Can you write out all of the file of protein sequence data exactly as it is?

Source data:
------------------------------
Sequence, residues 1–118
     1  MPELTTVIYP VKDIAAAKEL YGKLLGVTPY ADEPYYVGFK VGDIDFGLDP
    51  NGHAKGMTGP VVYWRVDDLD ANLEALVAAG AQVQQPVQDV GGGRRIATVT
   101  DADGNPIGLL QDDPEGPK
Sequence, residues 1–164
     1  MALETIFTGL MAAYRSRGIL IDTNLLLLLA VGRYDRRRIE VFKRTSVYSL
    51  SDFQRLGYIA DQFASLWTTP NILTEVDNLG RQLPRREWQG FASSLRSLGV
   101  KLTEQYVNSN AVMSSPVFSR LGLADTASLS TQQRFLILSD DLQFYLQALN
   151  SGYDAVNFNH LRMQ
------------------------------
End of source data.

Sequence, residues 1–118
     1  MPELTTVIYP VKDIAAAKEL YGKLLGVTPY ADEPYYVGFK VGDIDFGLDP
    51  NGHAKGMTGP VVYWRVDDLD ANLEALVAAG AQVQQPVQDV GGGRRIATVT
   101  DADGNPIGLL QDDPEGPK
Sequence, residues 1–164
     1  MALETIFTGL MAAYRSRGIL IDTNLLLLLA VGRYDRRRIE VFKRTSVYSL
    51  SDFQRLGYIA DQFASLWTTP NILTEVDNLG RQLPRREWQG FASSLRSLGV
   101  KLTEQYVNSN AVMSSPVFSR LGLADTASLS TQQRFLILSD DLQFYLQALN
   151  SGYDAVNFNH LRMQ